Roe v. Ingraham, 403 F. Supp. 931 (S.D.N.Y. 1975) prob. juris. noted sub nom., Whalen v. Roe, 44 U.S.L.W. 3471 (U.S. Feb. 24, 1976).
In Roe v. Ingraham, the United States District Court for the Southern District of New York held that sections of the New York Public Health Law requiring reporting of names and addresses of persons receiving prescriptions for specific drugs to a central data bank were unconstitutional in that they intruded upon and interfered with the constitutional right of privacy inherent in the doctor-patient relationship. The decision extends the constitutional right of privacy beyond the range thus far established by the United States Supreme Court and appears to protect a different kind of privacy from that which the Court has found protected under the Constitution.3 While the Court has protected a right of privacy in a line of cases beginning with Griswold v. Connecticut, this kind of privacy, perhaps better termed "personal autonomy," can be distinguished from the right of privacy protected in the instant case, which might better be termed "the right of selective disclosure."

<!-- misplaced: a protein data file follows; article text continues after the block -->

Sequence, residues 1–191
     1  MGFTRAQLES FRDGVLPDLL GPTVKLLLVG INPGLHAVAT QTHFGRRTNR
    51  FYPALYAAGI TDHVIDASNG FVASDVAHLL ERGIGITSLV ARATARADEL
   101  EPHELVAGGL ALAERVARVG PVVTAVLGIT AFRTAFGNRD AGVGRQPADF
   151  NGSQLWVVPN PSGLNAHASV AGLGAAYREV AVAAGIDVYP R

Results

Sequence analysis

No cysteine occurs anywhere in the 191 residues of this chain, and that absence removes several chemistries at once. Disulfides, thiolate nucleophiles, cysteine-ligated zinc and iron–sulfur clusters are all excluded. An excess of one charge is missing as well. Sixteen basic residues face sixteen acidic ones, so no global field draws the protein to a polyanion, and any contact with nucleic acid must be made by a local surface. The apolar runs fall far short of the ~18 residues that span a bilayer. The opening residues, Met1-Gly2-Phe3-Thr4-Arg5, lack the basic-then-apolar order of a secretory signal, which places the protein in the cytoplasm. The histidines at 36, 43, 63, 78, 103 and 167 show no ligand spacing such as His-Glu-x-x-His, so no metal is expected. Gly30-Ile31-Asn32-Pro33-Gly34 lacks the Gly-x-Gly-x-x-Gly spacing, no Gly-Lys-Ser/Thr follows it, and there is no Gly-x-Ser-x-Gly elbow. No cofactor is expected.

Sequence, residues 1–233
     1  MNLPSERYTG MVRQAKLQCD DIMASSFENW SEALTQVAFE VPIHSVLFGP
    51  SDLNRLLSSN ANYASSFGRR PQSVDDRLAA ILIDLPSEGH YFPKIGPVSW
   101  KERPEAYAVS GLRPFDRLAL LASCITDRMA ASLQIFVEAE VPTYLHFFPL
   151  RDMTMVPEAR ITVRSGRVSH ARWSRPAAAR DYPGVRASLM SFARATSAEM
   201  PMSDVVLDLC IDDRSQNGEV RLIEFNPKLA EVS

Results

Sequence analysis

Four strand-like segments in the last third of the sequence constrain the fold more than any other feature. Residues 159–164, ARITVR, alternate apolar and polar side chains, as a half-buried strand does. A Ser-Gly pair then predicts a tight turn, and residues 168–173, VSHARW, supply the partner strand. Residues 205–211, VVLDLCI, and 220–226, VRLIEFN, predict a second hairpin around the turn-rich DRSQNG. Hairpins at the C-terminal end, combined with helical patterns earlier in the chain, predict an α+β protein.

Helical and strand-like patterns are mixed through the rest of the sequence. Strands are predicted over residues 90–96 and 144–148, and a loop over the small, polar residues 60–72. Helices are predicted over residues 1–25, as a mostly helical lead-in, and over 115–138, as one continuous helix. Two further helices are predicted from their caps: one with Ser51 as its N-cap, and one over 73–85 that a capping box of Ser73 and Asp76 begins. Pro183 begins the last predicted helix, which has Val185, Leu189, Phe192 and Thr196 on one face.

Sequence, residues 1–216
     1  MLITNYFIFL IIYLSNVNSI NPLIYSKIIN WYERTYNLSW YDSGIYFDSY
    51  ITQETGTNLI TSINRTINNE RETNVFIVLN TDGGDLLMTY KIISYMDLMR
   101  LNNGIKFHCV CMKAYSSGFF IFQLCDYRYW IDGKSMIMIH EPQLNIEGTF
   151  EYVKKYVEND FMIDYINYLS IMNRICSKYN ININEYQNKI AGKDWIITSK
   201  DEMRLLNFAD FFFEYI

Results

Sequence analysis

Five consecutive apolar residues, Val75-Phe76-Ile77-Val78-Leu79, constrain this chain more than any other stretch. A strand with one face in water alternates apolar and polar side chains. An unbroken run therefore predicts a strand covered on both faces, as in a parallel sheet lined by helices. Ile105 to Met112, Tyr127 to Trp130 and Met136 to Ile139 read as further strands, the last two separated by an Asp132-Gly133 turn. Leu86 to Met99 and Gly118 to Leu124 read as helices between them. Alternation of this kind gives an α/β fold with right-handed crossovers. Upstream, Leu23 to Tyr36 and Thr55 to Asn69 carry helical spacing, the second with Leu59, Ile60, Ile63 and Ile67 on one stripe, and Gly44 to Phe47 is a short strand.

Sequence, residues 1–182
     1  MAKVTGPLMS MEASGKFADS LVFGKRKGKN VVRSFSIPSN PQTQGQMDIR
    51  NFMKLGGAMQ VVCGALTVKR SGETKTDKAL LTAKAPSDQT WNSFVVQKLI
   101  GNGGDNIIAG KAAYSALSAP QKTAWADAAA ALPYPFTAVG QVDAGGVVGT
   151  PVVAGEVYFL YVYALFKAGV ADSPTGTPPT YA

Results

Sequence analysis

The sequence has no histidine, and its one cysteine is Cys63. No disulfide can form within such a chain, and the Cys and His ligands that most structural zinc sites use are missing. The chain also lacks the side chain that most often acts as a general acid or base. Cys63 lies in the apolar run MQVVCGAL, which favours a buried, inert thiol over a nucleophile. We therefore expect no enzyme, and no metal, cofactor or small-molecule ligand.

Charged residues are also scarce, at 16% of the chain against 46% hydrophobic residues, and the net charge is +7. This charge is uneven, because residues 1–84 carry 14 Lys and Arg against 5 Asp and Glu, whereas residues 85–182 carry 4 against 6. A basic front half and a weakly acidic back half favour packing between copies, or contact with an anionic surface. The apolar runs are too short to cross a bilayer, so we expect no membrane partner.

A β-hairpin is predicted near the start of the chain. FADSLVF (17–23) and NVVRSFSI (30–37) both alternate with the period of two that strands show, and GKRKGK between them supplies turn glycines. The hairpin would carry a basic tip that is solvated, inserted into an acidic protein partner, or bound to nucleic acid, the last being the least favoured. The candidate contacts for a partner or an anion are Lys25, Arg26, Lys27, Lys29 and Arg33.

Brown, Dennis C.
"Privacy: Drug Use Reporting Requirements Unconstitutional,"
University of Dayton Law Review: Vol. 2:
1, Article 12.
Available at: https://ecommons.udayton.edu/udlr/vol2/iss1/12